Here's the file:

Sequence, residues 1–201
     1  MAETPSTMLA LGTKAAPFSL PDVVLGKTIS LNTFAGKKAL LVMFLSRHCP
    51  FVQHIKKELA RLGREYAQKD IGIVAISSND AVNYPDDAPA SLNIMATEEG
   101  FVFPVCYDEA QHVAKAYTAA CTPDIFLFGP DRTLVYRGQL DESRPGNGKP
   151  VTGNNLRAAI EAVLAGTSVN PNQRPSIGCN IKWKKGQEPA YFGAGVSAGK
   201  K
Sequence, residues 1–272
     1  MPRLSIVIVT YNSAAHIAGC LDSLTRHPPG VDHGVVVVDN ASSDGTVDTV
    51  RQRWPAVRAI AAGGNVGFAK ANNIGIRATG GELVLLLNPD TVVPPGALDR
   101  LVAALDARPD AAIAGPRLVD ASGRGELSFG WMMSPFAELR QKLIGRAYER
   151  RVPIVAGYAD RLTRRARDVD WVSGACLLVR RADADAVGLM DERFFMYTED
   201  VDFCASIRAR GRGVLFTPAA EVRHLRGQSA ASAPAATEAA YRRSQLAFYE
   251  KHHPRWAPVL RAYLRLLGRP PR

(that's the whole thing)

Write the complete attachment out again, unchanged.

Sequence, residues 1–201
     1  MAETPSTMLA LGTKAAPFSL PDVVLGKTIS LNTFAGKKAL LVMFLSRHCP
    51  FVQHIKKELA RLGREYAQKD IGIVAISSND AVNYPDDAPA SLNIMATEEG
   101  FVFPVCYDEA QHVAKAYTAA CTPDIFLFGP DRTLVYRGQL DESRPGNGKP
   151  VTGNNLRAAI EAVLAGTSVN PNQRPSIGCN IKWKKGQEPA YFGAGVSAGK
   201  K
Sequence, residues 1–272
     1  MPRLSIVIVT YNSAAHIAGC LDSLTRHPPG VDHGVVVVDN ASSDGTVDTV
    51  RQRWPAVRAI AAGGNVGFAK ANNIGIRATG GELVLLLNPD TVVPPGALDR
   101  LVAALDARPD AAIAGPRLVD ASGRGELSFG WMMSPFAELR QKLIGRAYER
   151  RVPIVAGYAD RLTRRARDVD WVSGACLLVR RADADAVGLM DERFFMYTED
   201  VDFCASIRAR GRGVLFTPAA EVRHLRGQSA ASAPAATEAA YRRSQLAFYE
   251  KHHPRWAPVL RAYLRLLGRP PR